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Aliment Pharmacol Ther. 1998 Sep;12(9):925-34.

Experimental colitis induced by dextran sulphate sodium in mice: beneficial effects of sulphasalazine and olsalazine.

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Pharmacia & Upjohn, Department of Pharmacology, Uppsala, Sweden.



Animal models of inflammatory bowel disease are artificial and more or less representative of human disease. However, the dextran sulphate sodium (DSS) induced intestinal inflammation model has recently been shown to fulfil some pathological criteria for an adequate experimental model.


To determine whether this form of experimental intestinal inflammation responds to established therapy used for human inflammatory bowel disease.


DSS was used to induce intestinal inflammation in conventional Balb/c mice and athymic nu/nu CD-1(BR) mice, and the well-documented 5-aminosalicylic acid (5-ASA) based anticolitis drugs sulphasalazine (SASP) and olsalazine (OLZ) were used to study therapeutic effects. Parameters which have been shown to reflect DSS-induced intestinal inflammation (body weight, colon length, spleen weight, diarrhoea, and rectal bleeding) were measured in the Balb/c mice.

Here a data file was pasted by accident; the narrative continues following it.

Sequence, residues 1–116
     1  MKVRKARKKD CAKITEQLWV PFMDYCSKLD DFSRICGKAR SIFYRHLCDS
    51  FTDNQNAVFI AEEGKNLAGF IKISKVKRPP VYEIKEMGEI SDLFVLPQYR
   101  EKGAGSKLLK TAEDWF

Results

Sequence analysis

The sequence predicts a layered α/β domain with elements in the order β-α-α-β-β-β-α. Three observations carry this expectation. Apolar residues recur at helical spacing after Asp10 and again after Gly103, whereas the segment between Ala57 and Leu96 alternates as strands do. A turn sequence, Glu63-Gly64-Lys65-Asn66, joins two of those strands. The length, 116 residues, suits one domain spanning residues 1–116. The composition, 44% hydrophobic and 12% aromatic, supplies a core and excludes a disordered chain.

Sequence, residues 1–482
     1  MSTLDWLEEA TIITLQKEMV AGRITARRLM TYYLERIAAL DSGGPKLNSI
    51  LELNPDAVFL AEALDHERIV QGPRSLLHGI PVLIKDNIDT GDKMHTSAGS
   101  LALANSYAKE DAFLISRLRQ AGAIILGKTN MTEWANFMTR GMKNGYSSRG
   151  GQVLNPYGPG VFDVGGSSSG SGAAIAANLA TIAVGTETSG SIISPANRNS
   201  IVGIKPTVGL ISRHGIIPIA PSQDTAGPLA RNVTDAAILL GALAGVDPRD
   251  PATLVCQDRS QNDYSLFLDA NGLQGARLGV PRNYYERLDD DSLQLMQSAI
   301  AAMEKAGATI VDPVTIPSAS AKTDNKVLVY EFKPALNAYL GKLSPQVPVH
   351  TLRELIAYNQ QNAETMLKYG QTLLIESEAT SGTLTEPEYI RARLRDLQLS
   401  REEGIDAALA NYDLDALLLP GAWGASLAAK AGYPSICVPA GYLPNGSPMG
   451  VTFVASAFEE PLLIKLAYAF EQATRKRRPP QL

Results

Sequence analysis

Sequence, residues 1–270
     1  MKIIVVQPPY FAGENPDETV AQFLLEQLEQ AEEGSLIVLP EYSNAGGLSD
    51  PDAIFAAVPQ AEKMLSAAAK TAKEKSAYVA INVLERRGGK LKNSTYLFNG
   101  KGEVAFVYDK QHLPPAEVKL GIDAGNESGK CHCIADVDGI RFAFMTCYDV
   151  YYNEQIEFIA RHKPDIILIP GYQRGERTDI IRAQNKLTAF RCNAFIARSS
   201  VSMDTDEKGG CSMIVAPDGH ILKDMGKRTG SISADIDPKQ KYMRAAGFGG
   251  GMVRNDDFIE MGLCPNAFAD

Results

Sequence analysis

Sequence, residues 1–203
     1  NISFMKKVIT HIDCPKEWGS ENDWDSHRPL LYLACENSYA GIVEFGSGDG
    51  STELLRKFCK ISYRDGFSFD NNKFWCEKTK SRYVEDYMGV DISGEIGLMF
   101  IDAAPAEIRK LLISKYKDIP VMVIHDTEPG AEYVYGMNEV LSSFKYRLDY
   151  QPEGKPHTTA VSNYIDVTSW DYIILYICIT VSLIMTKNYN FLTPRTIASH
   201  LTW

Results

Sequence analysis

Significant amelioration was seen on these parameters after different treatment protocols. Survival in nu/nu CD-1 mice was studied, and after 16 days a death rate of 50% was noted in the DSS group. SASP (100 mg/kg/day) and OLZ (50 mg/kg/day) significantly prolonged the survival to 29 and 38 days, respectively. SASP and OLZ showed a dose-dependent effect in the range between 10 and 100 mg/kg/day, doses closely corresponding to those used in humans.


SASP and OLZ are able to ameliorate the DSS-induced intestinal inflammation. The dose-response patterns suggested that the active therapeutic moiety for the two drugs appears to be mainly the liberated 5-ASA molecule.

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